With sadness and disbelief, we are yet again discussing the prospect of a man-made famine in Tigray. The expansion of the armed conflict into the neighbouring regions of Afar and Amhara will only increase the suffering. The ramifications for the entire country are grave, and potentially undermine regional peace and security in the Horn of Africa.
Let me thank the Secretary General and USG Griffiths for their briefings. We are grateful for your tireless diplomatic efforts to bring an end to the conflict. We hope to see that your leadership in preventive diplomacy is replicated by other key actors, such as regional institutions.
As we have been told, the humanitarian consequences of the conflict in Tigray are massive. To end the catastrophic humanitarian situation in Tigray, some immediate actions are crucial:
First, the federal Ethiopian authorities - and all other actors – must secure rapid, safe, and unimpeded access of humanitarian aid to the region.
Second, all parties must do their utmost to facilitate the work of humanitarian organisations and their personnel.
And third, all parties must fully respect international humanitarian law and provide security for humanitarian workers.
Repeated assurances from Ethiopian authorities of compliance with its humanitarian obligations have failed to materialize in unimpeded humanitarian access to Tigray.
In reality, Tigray is placed under a blockade / strict closure regime. The provision of humanitarian aid through land convoys and air access is being obstructed - instead of facilitated. Ethiopia must live up to its humanitarian obligations. We strongly condemn the many vilifying comments made in public regarding humanitarian actors and workers. Such hateful rhetoric is creating more insecurity, and putting the lives of humanitarians at risk.
It is incumbent on all parties to protect the human rights of all people. This includes protection from stigmatization or ethnic profiling. We are deeply concerned by allegations of serious human rights violations and abuses in Tigray and other conflict-affected areas, including against children. Norway condemns in the strongest terms the reported killings of civilians, and the widespread and systematic use of sexual and gender-based violence.
Additionally, the reported systematic destruction of vital infrastructure and health centres is equally unacceptable. These must be rapidly restored.
The alleged atrocities, violations, and abuses of international human rights and international humanitarian law must be documented and investigated, and those responsible must be prosecuted. Bringing perpetrators to justice is critical for prevention and deterrence. We welcome the joint investigation by OHCHR and the Ethiopian Human Rights Commission, as well as the African Commission on Human and Peoples Rights Independent Commission of Inquiry, into alleged atrocities in Tigray. We expect that all findings are used to ensure accountability.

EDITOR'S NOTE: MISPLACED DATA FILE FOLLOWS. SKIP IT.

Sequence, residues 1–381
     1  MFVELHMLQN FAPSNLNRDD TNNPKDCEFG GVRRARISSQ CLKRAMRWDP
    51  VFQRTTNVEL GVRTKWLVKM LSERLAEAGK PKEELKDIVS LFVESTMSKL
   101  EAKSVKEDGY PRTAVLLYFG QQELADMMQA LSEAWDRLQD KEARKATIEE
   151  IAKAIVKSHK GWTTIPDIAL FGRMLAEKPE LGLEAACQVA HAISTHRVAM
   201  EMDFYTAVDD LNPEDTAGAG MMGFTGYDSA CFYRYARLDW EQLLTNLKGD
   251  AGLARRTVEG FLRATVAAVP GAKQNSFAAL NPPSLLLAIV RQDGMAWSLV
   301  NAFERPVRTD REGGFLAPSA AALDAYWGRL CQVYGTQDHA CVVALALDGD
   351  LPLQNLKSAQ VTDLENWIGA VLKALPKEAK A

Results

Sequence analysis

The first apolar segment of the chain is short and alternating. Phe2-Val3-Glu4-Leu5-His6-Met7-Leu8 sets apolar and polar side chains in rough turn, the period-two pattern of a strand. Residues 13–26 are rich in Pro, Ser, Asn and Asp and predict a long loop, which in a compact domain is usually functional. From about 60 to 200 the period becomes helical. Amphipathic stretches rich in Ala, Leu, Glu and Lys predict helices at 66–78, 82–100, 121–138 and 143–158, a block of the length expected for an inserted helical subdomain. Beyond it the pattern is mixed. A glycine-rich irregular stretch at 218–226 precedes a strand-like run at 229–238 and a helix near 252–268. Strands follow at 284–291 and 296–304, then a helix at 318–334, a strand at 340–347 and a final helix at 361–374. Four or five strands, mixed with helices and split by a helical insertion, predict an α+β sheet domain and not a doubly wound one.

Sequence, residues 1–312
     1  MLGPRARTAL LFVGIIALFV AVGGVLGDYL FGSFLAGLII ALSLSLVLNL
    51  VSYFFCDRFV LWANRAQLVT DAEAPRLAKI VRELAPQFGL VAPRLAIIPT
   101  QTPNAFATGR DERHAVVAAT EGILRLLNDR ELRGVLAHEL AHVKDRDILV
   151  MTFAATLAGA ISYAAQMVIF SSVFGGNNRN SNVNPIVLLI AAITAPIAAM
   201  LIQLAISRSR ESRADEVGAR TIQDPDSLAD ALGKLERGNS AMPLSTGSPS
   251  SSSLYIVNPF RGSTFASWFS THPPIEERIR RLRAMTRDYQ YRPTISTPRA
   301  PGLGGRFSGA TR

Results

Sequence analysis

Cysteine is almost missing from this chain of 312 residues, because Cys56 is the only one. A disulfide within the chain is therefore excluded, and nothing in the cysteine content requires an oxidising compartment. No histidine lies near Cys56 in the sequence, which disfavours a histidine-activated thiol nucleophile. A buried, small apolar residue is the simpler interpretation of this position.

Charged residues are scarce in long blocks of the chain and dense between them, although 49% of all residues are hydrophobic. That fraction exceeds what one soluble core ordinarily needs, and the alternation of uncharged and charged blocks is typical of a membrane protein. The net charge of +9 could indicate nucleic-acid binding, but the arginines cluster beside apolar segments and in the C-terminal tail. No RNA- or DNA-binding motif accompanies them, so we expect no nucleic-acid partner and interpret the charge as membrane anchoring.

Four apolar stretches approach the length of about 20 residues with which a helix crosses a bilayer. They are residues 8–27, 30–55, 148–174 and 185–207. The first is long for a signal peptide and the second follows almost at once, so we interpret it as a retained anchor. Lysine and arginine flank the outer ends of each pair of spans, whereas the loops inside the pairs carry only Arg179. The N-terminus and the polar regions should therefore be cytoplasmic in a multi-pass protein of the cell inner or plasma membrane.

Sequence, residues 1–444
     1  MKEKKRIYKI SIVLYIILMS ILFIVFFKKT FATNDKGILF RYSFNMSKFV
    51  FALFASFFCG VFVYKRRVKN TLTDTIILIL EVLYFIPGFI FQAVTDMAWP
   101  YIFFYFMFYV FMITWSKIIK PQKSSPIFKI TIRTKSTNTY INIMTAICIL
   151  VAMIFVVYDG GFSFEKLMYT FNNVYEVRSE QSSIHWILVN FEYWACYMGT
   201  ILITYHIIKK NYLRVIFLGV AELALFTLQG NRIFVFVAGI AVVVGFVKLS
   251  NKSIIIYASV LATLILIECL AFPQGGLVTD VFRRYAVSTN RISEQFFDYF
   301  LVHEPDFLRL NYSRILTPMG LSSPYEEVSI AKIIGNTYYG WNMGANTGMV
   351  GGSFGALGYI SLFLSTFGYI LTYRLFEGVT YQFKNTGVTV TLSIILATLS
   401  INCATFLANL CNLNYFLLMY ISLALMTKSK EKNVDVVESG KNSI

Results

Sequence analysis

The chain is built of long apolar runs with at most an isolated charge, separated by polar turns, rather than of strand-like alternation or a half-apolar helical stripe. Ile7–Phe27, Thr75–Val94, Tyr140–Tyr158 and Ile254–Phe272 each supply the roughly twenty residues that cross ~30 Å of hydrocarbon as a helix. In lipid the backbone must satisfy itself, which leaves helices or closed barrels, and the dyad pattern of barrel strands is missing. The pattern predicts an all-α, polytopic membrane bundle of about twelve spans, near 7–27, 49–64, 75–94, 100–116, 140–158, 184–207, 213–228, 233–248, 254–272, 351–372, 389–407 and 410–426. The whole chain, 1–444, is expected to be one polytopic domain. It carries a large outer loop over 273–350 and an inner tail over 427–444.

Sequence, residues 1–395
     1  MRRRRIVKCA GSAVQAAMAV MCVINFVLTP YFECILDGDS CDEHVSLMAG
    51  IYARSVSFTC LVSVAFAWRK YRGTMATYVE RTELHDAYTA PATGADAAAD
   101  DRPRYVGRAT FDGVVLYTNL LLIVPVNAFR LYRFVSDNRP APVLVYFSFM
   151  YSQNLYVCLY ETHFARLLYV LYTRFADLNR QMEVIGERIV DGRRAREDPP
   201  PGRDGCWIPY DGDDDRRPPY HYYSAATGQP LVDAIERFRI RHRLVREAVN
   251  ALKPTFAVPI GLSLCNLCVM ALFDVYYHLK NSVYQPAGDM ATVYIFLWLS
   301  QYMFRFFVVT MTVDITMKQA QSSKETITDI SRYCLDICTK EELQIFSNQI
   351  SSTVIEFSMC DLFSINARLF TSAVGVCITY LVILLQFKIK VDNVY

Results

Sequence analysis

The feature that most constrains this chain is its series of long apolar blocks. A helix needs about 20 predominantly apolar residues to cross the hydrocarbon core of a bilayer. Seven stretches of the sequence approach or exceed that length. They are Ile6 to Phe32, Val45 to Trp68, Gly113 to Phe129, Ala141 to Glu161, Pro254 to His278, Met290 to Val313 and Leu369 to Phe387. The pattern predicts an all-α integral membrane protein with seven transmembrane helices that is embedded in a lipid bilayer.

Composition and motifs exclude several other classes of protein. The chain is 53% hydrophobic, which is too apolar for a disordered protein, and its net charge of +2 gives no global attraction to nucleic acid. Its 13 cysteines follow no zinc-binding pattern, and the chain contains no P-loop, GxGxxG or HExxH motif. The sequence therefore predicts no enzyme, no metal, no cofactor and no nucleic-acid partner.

Norway will continue to make sure the fight against impunity remains high on the Council’s agenda. President, Norway urges all actors in the conflict to immediately end the violence and enter into dialogue.
To facilitate this, Eritrea must fully withdraw from Ethiopian territory, Tigrayan forces must end their expansion into neighbouring regions, and Amhara federal forces and militia must withdraw from Western Tigray.
It is vital that the States in the region, IGAD, and the African Union bring its full weight to end hostilities in Tigray and Ethiopia. And we recognize the efforts thus far by Prime Minister Hamdok, in his capacity as chair of IGAD. Likewise, this Council must lend all possible support to these regional efforts.
We should speak with one voice, calling for cessation of hostilities, unimpeded humanitarian access, and a peaceful resolution through dialogue. And, the Council should receive regular reporting on humanitarian access to Tigray, including clear indicators of any gaps in the response and assistance needed.
We cannot allow the humanitarian situation in Tigray to deteriorate even further into catastrophe – or the conflict in Ethiopia to destabilise the Horn of Africa – without pursuing all available avenues towards a political solution.